[Viewpoint]Take it slow, Lee

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[Viewpoint]Take it slow, Lee

The new powers have begun to work. President-elect Lee Myung-bak’s aides are confident and full of ambition as they launch a new era. Their eyes shine and their voices are confident. The presidential transition committee’s office is inside the Korea Banking Institute in Samcheong-dong, Seoul.
The institute is just across from the Blue House, but the difference between the new power and the old is significant. While the people in the incumbent administration are silently packing, the new figures are busy drawing a blueprint for when they take office. Even though the incumbent president’s term is not yet finished, the shift in power is already happening.
The people on the transition team are in a hurry. They need to form a structure and sketch out how they will lead the country in less than two months.
President-elect Lee pushed his transition team to produce a plan on how to put together the administration within 10 days. It is understandable that he wants to form the cabinet before he gets inaugurated, but he seems to be in too much of a hurry. His plans to lower gasoline prices and cell phone fees are one and the same. He seems to be trying to make tangible achievements as quickly as possible. The problem is that if he wants to do something in a such a short time, things might go wrong. His plans might even fall apart.
The transition team needs to draw plans for the new administration. It bears historical importance because the policies chosen now will change the basic pattern in which the governmentwas run for the past 10 years. Thus, the transition team must look 10 or 20 years ahead, instead of five years, when setting the policy directions.
In this sense, the power transition will not be a simple procedure, from one incumbent administration to the next. Not only are the people in power being replaced, but the goals and policies of the administration are being completely changed. The new administration will be entirely different from the incumbent one.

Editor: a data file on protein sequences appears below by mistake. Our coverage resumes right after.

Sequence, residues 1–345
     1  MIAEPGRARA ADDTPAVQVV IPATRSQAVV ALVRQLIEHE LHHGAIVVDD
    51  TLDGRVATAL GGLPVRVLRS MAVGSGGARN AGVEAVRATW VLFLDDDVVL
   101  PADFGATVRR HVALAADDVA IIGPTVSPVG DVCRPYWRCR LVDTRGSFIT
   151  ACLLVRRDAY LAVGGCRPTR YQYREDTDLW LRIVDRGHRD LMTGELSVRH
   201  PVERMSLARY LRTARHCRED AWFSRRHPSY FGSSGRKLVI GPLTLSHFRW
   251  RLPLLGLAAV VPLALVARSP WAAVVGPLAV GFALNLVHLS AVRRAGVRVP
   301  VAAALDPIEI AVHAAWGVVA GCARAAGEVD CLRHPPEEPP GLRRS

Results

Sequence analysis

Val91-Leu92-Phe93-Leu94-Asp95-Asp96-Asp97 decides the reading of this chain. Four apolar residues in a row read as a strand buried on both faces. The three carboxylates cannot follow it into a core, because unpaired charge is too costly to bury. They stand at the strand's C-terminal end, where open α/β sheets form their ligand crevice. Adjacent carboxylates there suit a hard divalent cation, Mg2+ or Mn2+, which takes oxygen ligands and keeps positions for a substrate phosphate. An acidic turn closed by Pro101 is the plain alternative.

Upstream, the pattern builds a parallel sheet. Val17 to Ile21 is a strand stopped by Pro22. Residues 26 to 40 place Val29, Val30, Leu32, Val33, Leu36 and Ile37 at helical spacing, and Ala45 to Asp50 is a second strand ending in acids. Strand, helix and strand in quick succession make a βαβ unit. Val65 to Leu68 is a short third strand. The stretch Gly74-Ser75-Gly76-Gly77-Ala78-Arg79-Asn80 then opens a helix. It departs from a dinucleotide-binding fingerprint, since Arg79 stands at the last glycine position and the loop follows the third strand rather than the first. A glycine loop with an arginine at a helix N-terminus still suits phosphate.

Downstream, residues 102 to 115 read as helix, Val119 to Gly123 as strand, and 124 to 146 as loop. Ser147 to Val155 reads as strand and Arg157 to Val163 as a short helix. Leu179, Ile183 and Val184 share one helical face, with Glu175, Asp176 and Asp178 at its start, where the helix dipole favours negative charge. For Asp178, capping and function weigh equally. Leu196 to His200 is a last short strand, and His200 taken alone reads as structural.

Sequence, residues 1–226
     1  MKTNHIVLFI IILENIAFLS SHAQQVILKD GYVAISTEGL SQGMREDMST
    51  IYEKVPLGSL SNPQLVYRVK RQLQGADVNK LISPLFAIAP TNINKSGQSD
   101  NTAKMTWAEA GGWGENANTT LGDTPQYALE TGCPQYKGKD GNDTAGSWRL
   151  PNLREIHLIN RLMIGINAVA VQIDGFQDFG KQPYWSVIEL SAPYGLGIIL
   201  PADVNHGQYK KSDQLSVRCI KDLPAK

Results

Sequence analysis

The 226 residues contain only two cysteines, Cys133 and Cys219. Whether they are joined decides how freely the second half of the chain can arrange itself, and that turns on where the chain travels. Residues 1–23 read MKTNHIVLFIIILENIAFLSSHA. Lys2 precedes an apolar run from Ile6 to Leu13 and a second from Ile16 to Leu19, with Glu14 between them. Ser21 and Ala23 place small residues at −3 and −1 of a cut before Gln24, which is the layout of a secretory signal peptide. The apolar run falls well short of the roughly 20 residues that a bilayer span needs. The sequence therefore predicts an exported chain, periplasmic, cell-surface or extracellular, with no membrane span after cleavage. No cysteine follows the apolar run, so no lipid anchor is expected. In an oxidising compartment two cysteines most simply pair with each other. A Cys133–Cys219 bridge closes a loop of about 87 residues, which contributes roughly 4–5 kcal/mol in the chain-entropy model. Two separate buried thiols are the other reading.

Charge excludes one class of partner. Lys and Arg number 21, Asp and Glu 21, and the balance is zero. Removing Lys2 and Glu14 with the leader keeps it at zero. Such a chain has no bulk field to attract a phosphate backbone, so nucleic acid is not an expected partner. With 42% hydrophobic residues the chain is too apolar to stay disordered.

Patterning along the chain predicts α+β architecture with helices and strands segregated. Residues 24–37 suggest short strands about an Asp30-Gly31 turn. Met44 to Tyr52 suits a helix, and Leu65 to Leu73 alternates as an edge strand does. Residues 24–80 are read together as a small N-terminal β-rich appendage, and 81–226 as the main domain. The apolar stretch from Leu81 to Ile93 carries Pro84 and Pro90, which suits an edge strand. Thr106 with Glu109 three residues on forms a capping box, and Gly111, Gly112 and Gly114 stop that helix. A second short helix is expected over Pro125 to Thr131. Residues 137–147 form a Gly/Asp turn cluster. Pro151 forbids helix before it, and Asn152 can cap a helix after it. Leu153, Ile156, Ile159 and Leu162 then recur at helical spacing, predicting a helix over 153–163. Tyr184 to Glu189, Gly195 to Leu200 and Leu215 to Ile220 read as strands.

Another task for the transition team is, therefore, how to handle the chaos revolving around the changes and to launch the new administration smoothly.
A president’s power is endowed by the people. In a single, five-year term, the president’s power is limited. The president has the right to run the country for five years, but there are hidden limits. In a legal sense, it is wrong to draw policies that go beyond five years. But the new president is required to present a long-term vision. That is the president’s dilemma. The president must carry out policies that extend beyond his term, but do so within the limit of his term.
It is dangerous for a president to wield power that he is has not been specifically endowed. President Roh Moo-hyun, for example, pushed to transfer the administrative city despite controversy that the project was unconstitutional. He pushed hard for the project, despite fierce opposition, even though it might not have even begun until after he left office.
The president claimed that he was only keeping a pledge he made during the election. Still, even the people who elected him did not support that pledge. The people entrusted President Roh with the right to run the country, but they did not necessarily agree with every one of his pledges. He pushed too hard, creating chaos in the affairs of state and sharply dividing the people. Shutting down the press rooms in the government offices was also a misuse of his power. The people have to wait a full five years to hold the president accountable for his misrule. Even then, the people in power are not held directly responsible.
President-elect Lee is facing the same risk. During the last presidential election campaign, the policies were barely debated ― unlike in past campaigns. This time around, the people didn’t look carefully at Lee’s pledges before electing him. And again, just because the people elected him does not mean they agree with every one of his pledges.
Lee must resolve this problem. He must constantly communicate with the people.
He can’t exert all of his plans at will, even though he been given the power to do so under law. In particular, if he wants to exert certain powers that have not been not entrusted to him, he must earn the people’s support. He must communicate with the people to seek their consensus and agreement. This is the right thing to do for a leader who serves the people.

*The writer is an editorial writer of the JoongAng Ilbo.

by Kim Jong-soo
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